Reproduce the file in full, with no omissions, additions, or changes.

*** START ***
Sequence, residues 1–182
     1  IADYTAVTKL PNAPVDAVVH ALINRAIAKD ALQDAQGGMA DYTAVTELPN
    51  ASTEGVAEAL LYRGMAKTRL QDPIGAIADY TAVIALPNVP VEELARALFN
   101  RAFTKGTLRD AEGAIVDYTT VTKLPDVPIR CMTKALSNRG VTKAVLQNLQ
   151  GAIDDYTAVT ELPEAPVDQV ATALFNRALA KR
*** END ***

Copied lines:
Sequence, residues 1–182
     1  IADYTAVTKL PNAPVDAVVH ALINRAIAKD ALQDAQGGMA DYTAVTELPN
    51  ASTEGVAEAL LYRGMAKTRL QDPIGAIADY TAVIALPNVP VEELARALFN
   101  RAFTKGTLRD AEGAIVDYTT VTKLPDVPIR CMTKALSNRG VTKAVLQNLQ
   151  GAIDDYTAVT ELPEAPVDQV ATALFNRALA KR